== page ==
On to the shorter-term forecast.

Today through Sunday

Again, just watch for fog this morning. Once the fog lifts, expect a mix of clouds and sun the rest of today. I do expect a few showers around the area, none too serious, but just don’t be shocked to see some minor rain. Highs will be close to 80 degrees this afternoon.

More fog is possible tonight with lows in the 60s. Look for a mix of clouds and sun otherwise on Saturday, another very slight chance for a shower, and highs near 80 degrees.

Sunday should be more of the same, although fog risk may be just a little lower in the morning: Lows in the 60s and highs in the upper-70s or low-80s.

Monday front & Tuesday

A cold front is aiming to slice through the region on Monday. There honestly does not appear to be much to this front, either rain-wise or “cold” wise. We should see sunshine develop for Monday with slightly lower humidity. Expect highs in the 70s with morning lows in the 50s. We’ll get another slightly cooler night Monday night, followed up by quick return to warmer temperatures Tuesday, along with a slight shower chance. Highs on Tuesday should bounce back close to 80 degrees.

Beyond Tuesday

The weather pattern that we’re in is one that features a very quick moving, mostly low-amplitude jet stream. This means we will see continued cold fronts but probably not a lot of truly cold air. Basically, what I would call Goldilocks weather with a touch of humidity at times.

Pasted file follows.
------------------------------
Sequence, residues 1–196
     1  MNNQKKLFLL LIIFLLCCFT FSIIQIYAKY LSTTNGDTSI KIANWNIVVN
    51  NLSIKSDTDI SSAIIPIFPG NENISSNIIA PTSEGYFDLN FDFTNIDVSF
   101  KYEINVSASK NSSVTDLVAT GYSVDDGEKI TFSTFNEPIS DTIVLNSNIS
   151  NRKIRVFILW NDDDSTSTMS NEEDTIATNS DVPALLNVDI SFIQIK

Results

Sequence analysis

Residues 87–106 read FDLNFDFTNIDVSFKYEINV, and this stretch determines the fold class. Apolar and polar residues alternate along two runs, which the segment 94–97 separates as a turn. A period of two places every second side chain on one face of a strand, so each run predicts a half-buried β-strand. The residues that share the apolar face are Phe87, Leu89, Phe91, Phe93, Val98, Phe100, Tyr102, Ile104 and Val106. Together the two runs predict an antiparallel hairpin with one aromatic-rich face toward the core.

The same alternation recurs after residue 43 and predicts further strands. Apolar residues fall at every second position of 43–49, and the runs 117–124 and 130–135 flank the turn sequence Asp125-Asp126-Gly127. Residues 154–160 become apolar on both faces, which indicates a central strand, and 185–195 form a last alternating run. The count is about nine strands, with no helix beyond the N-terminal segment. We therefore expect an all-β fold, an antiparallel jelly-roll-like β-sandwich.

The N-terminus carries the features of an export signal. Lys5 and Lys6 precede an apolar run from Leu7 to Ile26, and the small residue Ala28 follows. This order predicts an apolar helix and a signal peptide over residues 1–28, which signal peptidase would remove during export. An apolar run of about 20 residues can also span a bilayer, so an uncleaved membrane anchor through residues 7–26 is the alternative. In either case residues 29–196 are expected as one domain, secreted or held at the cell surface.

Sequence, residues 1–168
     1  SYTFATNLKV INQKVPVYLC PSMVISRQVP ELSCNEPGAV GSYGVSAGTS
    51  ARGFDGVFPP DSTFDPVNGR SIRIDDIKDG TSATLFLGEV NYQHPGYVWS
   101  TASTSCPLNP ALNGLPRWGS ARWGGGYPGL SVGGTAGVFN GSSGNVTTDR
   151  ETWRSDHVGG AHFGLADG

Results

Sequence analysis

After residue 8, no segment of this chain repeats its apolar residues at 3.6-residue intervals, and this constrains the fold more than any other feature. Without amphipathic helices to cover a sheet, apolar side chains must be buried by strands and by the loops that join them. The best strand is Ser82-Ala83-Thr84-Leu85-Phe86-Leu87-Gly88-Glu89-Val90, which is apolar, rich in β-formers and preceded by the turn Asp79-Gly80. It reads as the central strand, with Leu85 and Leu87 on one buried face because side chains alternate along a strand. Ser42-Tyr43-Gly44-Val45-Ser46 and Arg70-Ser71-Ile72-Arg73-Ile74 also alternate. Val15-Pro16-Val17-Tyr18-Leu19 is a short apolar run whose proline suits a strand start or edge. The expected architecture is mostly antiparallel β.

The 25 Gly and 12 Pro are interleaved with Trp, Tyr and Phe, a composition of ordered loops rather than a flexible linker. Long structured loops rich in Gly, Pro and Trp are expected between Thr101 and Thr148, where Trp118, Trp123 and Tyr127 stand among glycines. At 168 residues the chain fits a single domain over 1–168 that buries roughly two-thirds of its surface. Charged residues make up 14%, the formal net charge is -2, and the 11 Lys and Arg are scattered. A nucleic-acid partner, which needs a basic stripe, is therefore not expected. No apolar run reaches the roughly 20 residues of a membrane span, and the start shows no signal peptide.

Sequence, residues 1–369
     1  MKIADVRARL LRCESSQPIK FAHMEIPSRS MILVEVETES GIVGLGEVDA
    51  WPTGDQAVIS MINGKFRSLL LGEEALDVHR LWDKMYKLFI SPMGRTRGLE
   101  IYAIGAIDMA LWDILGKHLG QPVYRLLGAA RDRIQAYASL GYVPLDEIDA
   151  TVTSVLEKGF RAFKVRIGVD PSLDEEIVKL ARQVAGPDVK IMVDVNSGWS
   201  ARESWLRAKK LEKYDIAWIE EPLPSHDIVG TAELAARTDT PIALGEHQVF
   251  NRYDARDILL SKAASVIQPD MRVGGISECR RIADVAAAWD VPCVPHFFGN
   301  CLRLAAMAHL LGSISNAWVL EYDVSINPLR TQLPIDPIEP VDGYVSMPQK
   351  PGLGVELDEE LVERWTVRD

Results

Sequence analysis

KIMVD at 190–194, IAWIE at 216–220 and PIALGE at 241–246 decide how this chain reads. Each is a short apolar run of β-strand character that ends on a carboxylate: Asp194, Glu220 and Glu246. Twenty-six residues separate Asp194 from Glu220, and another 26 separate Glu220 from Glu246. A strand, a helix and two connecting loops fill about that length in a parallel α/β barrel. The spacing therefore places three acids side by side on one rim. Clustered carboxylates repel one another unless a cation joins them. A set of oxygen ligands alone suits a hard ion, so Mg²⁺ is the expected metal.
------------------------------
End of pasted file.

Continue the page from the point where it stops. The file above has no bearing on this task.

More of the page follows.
You can see the impact of the fronts through Wednesday mainly reflected in nighttime low temperatures, which cool just a bit each time a front passes. Another, slightly stronger front is likely next weekend. (NWS forecast via Weather Bell)

Models continue to point toward another front on Wednesday that, as Eric has noted this week, would usher in pleasant weather for Thanksgiving Day. We will stick to that again today. However, it does look like we will quickly warm up on Friday before yet another front arrives next weekend. That front could have a little oomph behind it, although despite all these fronts, right now it seems that we will see relatively little rainfall. And so it goes.


I just want to again thank our readers for their support during our fundraiser. There’s still some time left if you want to grab some Space City Weather swag. We sincerely appreciate your support, both now and year-round! It truly means so much to us.